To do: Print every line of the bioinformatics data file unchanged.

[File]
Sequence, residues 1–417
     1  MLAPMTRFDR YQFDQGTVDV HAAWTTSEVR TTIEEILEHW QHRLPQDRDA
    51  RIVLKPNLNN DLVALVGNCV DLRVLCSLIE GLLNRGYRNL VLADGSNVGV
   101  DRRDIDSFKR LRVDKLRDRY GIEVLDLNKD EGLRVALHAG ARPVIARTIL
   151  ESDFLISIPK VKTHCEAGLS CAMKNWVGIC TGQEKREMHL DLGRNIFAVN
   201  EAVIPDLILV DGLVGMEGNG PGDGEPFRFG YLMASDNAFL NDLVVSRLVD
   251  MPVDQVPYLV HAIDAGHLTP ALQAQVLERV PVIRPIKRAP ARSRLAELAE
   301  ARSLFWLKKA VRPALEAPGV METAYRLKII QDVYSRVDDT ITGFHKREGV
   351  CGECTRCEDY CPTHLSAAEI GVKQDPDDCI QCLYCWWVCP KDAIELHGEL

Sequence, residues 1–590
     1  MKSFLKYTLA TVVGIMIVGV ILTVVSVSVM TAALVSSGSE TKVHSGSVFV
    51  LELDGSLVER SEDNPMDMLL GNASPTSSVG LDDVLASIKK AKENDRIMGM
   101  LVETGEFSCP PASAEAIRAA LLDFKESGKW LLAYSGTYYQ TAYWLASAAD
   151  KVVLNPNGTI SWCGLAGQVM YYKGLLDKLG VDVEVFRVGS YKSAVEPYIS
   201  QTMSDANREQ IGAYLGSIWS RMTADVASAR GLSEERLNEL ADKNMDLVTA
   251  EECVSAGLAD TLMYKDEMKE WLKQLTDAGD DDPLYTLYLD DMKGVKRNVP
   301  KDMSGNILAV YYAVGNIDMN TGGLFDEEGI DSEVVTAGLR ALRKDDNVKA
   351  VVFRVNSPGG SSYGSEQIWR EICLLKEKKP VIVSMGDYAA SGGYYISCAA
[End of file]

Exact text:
Sequence, residues 1–417
     1  MLAPMTRFDR YQFDQGTVDV HAAWTTSEVR TTIEEILEHW QHRLPQDRDA
    51  RIVLKPNLNN DLVALVGNCV DLRVLCSLIE GLLNRGYRNL VLADGSNVGV
   101  DRRDIDSFKR LRVDKLRDRY GIEVLDLNKD EGLRVALHAG ARPVIARTIL
   151  ESDFLISIPK VKTHCEAGLS CAMKNWVGIC TGQEKREMHL DLGRNIFAVN
   201  EAVIPDLILV DGLVGMEGNG PGDGEPFRFG YLMASDNAFL NDLVVSRLVD
   251  MPVDQVPYLV HAIDAGHLTP ALQAQVLERV PVIRPIKRAP ARSRLAELAE
   301  ARSLFWLKKA VRPALEAPGV METAYRLKII QDVYSRVDDT ITGFHKREGV
   351  CGECTRCEDY CPTHLSAAEI GVKQDPDDCI QCLYCWWVCP KDAIELHGEL

Sequence, residues 1–590
     1  MKSFLKYTLA TVVGIMIVGV ILTVVSVSVM TAALVSSGSE TKVHSGSVFV
    51  LELDGSLVER SEDNPMDMLL GNASPTSSVG LDDVLASIKK AKENDRIMGM
   101  LVETGEFSCP PASAEAIRAA LLDFKESGKW LLAYSGTYYQ TAYWLASAAD
   151  KVVLNPNGTI SWCGLAGQVM YYKGLLDKLG VDVEVFRVGS YKSAVEPYIS
   201  QTMSDANREQ IGAYLGSIWS RMTADVASAR GLSEERLNEL ADKNMDLVTA
   251  EECVSAGLAD TLMYKDEMKE WLKQLTDAGD DDPLYTLYLD DMKGVKRNVP
   301  KDMSGNILAV YYAVGNIDMN TGGLFDEEGI DSEVVTAGLR ALRKDDNVKA
   351  VVFRVNSPGG SSYGSEQIWR EICLLKEKKP VIVSMGDYAA SGGYYISCAA